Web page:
However, the nature of the question may have affected the results — something the pollsters themselves admit.

They said that while there had been a 9% drop globally in the number describing themselves as “religious”, most people still felt part of the faith they grew up in.

However, it will still come as a blow to the Catholic Church in Ireland, and is the second survey in recent months to show massive alienation among the population.

A survey in February by market research group Amarach found the public at odds with the church hierarchy on a range of issues, including women clergy and married priests.

That survey, which questioned more than 1,000 Irish Catholics, found that 77% believed women should be ordained.

Nine out of 10 said priests should be able to marry. It also revealed just 35% went to church on a weekly basis.

However nothing has been done to address the crisis in the church in the six months since the Amarach survey was carried out.

The Catholic Communications Office was asked what actions had been taken by the bishops since the survey was published.

But a spokesman declined to comment, saying the study had been commissioned by the Association of Catholic Priests, a group of 800 clerics who are critical of the hierarchy.

Asked about the new Red C poll, the spokesman queried the language used by the poll.

“The word ‘religious’, if left unqualified, is too general to be used as the keyword in a survey questionnaire — especially in the Irish context — where people prefer words such as ‘spiritual’. Being ‘religious’ is a very subjective measurement,” said a spokesman.

“For example, in the Catholic Church, someone who attends Mass on a daily basis may not describe themselves as ‘religious’, yet they are outwardly a person of deep faith.”

Fr Brendan Hoban, a spokesman for the ACP, said the Red C results were “predictable enough” given the fall-off in Mass attendance and the drop in interest in the Catholic Church in recent years.

However, he said Irish Catholic numbers were “holding up markedly” and pointed to the Census figures and the 35% attending Mass on a weekly basis.

He suggested that the Catholic Church was “almost traumatised” by the scandals of the last 10 to 15 years, and this was affecting its ability to take steps to address declining religious observation.

“It’s so difficult for the bishops to provide leadership because, on the one hand, if they speak out, they are criticised, and if they don’t speak out, they are also criticised.”

Meanwhile, Michael Nugent of Atheism Ireland said the Red C poll showed people were rejecting the idea that atheism was an “extreme position”.

He said the figure of 10% of the population being atheists could be an under-estimation, as there were still people who did not believe in a God, but disliked the “atheist” label.

The Red C global poll also found that the richer you got, the less religious you defined yourself. Religiosity was higher among the poor, with people in the bottom-income groups 17% more religious than those in the top-earning groups.



Cairo: Coptic Families Flee after Clashes between Christians and Muslims

Asia news:

Cairo – About 100 Christian families have fled from the village of Dahshur (Giza), 40 km south of Cairo after recent violence between the Coptic and Muslim communities. Yesterday, a group of Muslims set fire to several Christian homes and shops and even tried to set fire to the local church. The police intervened with tear gas. In the clashes 16 people were injured, including 10 officers. The group was returning from the funeral of a Muslim who died during a brawl with some Christians took place on July 27. Sources from Giza Diocese report that Coptic families have now left the village for fear of new attacks. The case of Dahshour is the first serious incident of violence between Christians and Muslims since the election of Islamist President Mohammed Morsi.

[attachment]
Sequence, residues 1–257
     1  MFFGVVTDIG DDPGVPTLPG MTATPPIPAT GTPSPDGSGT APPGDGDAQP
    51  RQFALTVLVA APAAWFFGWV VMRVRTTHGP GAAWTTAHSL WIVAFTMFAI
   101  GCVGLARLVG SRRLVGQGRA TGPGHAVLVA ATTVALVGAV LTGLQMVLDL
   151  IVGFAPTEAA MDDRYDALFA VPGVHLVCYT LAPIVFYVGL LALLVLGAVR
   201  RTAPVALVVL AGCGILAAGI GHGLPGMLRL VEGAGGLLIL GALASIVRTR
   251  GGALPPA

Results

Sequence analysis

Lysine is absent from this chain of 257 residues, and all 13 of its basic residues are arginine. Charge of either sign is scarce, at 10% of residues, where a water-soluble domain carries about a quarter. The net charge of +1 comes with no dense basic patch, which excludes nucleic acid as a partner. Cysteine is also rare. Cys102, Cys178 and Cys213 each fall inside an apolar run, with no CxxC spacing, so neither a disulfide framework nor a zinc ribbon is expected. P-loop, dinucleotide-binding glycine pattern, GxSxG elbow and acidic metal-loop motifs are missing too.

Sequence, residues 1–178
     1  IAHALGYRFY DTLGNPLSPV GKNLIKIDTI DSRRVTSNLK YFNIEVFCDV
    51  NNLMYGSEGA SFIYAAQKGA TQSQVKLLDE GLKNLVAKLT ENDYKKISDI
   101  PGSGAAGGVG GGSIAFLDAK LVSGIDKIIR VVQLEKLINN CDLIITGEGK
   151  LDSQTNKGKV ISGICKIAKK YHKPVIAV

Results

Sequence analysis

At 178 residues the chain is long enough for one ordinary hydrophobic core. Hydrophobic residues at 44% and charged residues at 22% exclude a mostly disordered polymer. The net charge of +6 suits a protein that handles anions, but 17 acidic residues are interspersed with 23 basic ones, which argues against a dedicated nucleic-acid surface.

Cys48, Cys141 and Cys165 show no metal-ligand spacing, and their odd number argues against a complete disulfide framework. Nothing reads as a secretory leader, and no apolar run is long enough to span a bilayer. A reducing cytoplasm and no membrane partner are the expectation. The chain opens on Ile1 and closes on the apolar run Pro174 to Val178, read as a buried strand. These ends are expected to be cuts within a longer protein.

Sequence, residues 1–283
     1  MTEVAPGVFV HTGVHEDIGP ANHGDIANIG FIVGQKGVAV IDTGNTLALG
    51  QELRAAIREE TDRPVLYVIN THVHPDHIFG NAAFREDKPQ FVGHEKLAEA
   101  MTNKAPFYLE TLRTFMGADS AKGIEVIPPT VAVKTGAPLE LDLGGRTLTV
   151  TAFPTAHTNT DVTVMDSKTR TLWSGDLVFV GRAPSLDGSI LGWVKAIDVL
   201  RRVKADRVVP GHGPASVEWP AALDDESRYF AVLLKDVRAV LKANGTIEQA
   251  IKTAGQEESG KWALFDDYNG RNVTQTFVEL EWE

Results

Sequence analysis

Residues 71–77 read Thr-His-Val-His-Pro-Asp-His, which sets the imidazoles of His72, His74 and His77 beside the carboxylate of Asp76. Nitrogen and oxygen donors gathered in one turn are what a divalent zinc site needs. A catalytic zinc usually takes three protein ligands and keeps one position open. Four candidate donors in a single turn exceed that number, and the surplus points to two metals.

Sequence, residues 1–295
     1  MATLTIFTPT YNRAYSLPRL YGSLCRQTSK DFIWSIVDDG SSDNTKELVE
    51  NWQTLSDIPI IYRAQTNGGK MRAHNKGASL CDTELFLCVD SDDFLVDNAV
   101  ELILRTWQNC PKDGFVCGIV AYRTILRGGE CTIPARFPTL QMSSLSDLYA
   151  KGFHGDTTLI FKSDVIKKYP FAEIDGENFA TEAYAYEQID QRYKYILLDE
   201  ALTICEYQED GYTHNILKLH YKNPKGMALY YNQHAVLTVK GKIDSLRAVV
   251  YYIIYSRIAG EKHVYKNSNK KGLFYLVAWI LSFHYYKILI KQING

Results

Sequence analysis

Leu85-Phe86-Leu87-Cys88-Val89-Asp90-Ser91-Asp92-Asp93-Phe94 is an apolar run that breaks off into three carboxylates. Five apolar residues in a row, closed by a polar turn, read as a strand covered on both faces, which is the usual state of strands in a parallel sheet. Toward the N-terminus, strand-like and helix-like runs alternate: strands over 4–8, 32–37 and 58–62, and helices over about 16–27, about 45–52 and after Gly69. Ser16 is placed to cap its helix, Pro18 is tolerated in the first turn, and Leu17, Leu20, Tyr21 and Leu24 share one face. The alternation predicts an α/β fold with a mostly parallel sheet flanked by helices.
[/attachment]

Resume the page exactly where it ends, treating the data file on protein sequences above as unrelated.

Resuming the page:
The tensions erupted last July 27. The pastor of the parish Mari Gerges (Saint George) in Dahshur, Fr. Takla, says that on that day, Ahmed Ramadan went to Sameh Sami’s laundrette (makwagi), to collect his shirts. One short had been accidently burned. At Ahmad’s protest, Sameh offered to pay for it and the two made an appointment to meet that evening after iftar meal that breaks the daily fast. Ahmed arrived that the evening, but not alone. He was accompanied by several hundred people, armed with knives, guns and Molotov cocktails.

Sameh closed his shop and ran into his house for protection, where his father and brother were. The attackers fired shots and launched Molotov cocktails. One of these failed to explode, Sameh through it back at his attackers. Unfortunately it exploded near Mo’adh Hasaballah, who was badly burned. He was brought to a hospital in Cairo.

The crowd went wild. They attacked the family (father and two children) and another Christian, and burned the houses of Christians. Firefighters could not reach the burning houses because of the crowd. Many Christian houses and shops were destroyed…

More here.



Nun Arrested for Vandalism at Nuclear Facility

An 82-year-old nun will be appearing in court, after being arrested for vandalism and trespassing at a nuclear facility, The Tablet website reports today (August 7, 2012).

Sr. Megan Rice — a Sister of the Heart of the Child Jesus — is part of a group called Transform Now Plowshares, who broke into the Highly-Enriched Uranium Manufacturing Facility (HEUMF) in Oak Ridge, Tennessee last week.

The facility is the American Government’s only facility for handling, processing, and storing weapons-grade uranium.

Sr. Megan and two other activists allegedly broke through four perimeter fences and walked for two hours through a “fatal force zone” patrolled by guards and attached two banners to the pillars of the building housing the HEUMF saying: “Transform Now Plowshares” and “Swords into Plowshares Spears into Pruning Hooks — Isaiah.”